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Court sets guidelines for determining informant confidentiality

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Court sets guidelines for determining informant confidentiality11/18/96

Court sets guidelines for determining informant confidentiality

11/18/96

COLORADO–A federal appeals court in early November set out guidelines for determining, on a case-by-case basis, whether the federal government has given an informant an implied promise of confidentiality. That determination can ultimately govern whether information provided by the informant is exempt from disclosure under the arm of the Freedom of Information Act’s law enforcement exemption that protects confidential informants (Exemption 7(d)).

The U.S. Court of Appeals in Denver (10th Cir.) said that, in deciding whether an informant expected confidential treatment, the court can consider the nature of the crime and whether a source would reasonably fear reprisal. It can consider the source’s relationship to the perpetrator of the crime and whether something unique makes the source fear retribution. It can consider the institution to which the information was given, but that will not automatically make the information confidential.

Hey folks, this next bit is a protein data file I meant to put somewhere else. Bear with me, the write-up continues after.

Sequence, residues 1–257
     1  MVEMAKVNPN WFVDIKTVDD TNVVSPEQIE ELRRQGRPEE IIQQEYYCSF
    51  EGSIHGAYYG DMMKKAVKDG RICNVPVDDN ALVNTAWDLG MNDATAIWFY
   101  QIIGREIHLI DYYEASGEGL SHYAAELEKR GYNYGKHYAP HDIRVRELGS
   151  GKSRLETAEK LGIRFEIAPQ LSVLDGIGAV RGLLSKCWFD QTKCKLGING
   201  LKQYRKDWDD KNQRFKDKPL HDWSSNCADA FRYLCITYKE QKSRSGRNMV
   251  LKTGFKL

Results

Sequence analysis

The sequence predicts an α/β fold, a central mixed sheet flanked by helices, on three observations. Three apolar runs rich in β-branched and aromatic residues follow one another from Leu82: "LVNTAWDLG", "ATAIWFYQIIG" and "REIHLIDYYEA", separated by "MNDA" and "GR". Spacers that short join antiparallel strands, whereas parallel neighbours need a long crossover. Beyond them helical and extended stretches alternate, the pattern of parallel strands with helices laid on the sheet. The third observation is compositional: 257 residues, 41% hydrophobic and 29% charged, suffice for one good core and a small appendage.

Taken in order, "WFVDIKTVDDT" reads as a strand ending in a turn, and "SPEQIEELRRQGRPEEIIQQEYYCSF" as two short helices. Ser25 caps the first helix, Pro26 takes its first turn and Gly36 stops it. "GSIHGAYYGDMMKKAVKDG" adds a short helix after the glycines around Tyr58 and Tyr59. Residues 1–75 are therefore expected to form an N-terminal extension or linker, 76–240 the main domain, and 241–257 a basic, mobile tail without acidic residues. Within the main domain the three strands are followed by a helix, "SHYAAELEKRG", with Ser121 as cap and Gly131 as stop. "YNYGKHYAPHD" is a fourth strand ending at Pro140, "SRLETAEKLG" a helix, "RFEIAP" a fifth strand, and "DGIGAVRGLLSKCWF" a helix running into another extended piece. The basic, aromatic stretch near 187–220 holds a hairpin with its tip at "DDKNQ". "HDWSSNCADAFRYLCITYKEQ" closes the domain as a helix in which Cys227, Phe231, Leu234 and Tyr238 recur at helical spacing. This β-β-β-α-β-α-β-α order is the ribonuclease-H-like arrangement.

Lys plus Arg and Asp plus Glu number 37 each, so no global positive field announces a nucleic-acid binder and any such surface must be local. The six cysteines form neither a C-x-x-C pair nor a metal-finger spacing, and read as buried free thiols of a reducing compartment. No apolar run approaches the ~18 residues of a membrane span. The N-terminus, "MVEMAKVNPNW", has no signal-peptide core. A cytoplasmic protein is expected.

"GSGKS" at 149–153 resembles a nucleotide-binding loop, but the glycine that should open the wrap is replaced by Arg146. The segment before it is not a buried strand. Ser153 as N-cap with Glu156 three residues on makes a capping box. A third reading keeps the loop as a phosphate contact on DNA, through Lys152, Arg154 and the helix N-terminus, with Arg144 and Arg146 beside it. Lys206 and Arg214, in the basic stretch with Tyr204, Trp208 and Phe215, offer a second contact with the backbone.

The appeals panel sent the case back to federal District Court in Oklahoma City for a document-by-document review.

Alvie Hale, who faces a death sentence in Oklahoma for the kidnapping and murder of William Perry in the early 1980s, filed a FOI Act request in 1989 for the information that the federal government had collected on the crime. When the FBI denied access to more than a third of the records, claiming they fell under exemption 7(d), Hale claimed the agency wanted to protect the real murderer, who Hale said was a valuable informant in other cases.

Hale said that he, Perry and three others planned the kidnapping to extort money from Perry’s parents, but that the plan backfired, Perry tried to back out, a quarrel ensued and a fellow co-conspirator shot him. Hale claimed that he was away calling for ransom money when the shooting of Perry actually occurred.

Hale sued for the records and lost initially in federal District Court in Oklahoma City and then on appeal in August 1992 to the U.S. Court of Appeals in Denver. The courts said that people interviewed by the FBI assume that their identity and the information will be confidential, even if the agency makes no explicit promise to hold the information in confidence.

The U.S. Supreme Court vacated the decision in 1993 without hearing the case, ordering the lower court to reconsider its decision in light of the high court’s decision in Department of Justice v. Landano. Landano held that when a source provides information to the government, even to the FBI, the government is not entitled to presume that the communication is confidential. In each case the government must look at the source and decide whether he or she provided the information in confidence. After ordering the case back to the District Court, the court again heard an appeal and ordered the case- by-case analysis. (Hale v. Department of Justice; Attorney: Scott Braden, Tallahassee, Fla.)